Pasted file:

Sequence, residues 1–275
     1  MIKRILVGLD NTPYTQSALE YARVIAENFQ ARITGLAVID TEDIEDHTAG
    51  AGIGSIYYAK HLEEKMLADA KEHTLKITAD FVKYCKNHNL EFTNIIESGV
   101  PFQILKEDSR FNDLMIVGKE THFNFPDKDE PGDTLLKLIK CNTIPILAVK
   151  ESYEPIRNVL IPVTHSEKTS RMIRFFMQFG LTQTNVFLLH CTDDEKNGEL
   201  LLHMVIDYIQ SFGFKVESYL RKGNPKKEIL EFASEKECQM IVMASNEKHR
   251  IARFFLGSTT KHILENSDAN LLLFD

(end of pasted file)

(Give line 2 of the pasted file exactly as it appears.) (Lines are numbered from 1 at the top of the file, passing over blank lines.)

     1  MIKRILVGLD NTPYTQSALE YARVIAENFQ ARITGLAVID TEDIEDHTAG